Design and procedure

In the experiment, a 1-cm thick plate was placed on a table with a 60-cm height, on which the stabilometer was placed in parallel with the ground. The subject sat up straight with both feet elevated and placed lightly clenched fists on the knees. An electrocardiography electrode was attached to the left chest. After 10 min resting, the sway of the center of gravity was recorded for 1 min each with open and closed eyes consecutively (seated position stabilometry). In the test with open eyes, the subject gazed at an optotype, a red gaze point that was set at a site 2-m anterior at eye level. The breath alcohol level was measured 2 times immediately before the test with open eyes, and the mean was recorded.

(1) Without alcohol ingestion: Seated position stabilometry was performed, and stabilograms were recorded every 5 min 12 times after the initiation.

(2) With alcohol ingestion: Seated position stabilometry was performed, and stabilograms were recorded every 5 min 12 times after alcohol ingestion.

The order of the above experiments was randomly selected, and the experiments were performed on different days.

Alcohol load

The volume of alcohol ingestion was set to raise the blood level to 0.6 mmEq following the standard equation of blood alcohol concentration, and the subject drank the undiluted distilled liquor within 30 s. This blood alcohol level is classified as an early phase of slight intoxication, in which the pulse and respiratory rates increase, talk becomes fluent, and behavioral self-restraint decreases [21]. The blood alcohol level, Cp, is determined by the following equation, in which 0.789 (g/ml) is the specific gravity of alcohol, and the numerator and denominator represent the amount (g) and volume of distribution of ingested alcohol, respectively:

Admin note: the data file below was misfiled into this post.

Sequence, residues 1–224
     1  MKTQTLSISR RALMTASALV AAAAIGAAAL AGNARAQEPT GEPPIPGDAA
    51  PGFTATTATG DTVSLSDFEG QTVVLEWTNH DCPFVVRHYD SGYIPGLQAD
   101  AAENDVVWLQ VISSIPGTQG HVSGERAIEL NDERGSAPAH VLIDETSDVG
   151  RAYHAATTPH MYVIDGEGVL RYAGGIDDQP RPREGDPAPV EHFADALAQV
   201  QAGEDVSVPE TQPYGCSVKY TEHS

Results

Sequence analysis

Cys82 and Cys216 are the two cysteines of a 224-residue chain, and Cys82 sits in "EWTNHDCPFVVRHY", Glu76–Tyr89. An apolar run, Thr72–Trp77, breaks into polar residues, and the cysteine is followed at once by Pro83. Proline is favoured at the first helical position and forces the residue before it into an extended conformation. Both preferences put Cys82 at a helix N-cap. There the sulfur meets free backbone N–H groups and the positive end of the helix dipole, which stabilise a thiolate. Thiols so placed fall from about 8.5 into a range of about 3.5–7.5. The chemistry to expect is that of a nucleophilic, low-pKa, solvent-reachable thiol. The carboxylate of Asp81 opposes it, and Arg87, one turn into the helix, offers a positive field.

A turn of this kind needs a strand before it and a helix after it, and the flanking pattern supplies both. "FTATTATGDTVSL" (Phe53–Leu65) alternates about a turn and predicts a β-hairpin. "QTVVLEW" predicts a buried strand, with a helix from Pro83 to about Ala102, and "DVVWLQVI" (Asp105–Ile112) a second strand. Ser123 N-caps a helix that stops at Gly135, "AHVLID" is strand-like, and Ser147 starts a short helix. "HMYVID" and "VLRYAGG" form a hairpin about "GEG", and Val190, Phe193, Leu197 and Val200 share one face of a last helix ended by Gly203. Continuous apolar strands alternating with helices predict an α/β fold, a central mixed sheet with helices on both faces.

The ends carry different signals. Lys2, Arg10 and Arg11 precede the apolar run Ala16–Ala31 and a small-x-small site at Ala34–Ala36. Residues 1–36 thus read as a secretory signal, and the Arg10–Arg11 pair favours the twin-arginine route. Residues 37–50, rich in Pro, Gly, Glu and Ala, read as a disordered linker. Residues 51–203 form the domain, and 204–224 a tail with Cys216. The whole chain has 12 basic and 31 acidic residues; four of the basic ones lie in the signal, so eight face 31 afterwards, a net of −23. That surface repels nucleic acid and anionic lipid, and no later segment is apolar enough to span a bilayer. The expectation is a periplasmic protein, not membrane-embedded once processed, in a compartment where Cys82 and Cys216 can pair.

equation

Data collection

The x-y coordinates were measured during the sampling time with open or closed eyes, saved as text files, and developed to calculate the parameters. The data obtained with open and closed eyes were converted into a time series of the position of the center of gravity with the rightward and forward directions as positive x and y directions, respectively, and the area of sway, locus length per unit area, and total locus length were evaluated. These analytical parameters of stabilometry were employed in previous studies, and we measured them following the definitional equation established by the Japan Society for Equilibrium Research [2].

Data analysis

The stabilograms of all subjects were recorded at each time point and divided into those with and without alcohol ingestion with open and closed eyes, and the area of sway, locus length per unit area, and total locus length were calculated to investigate differences due to alcohol ingestion.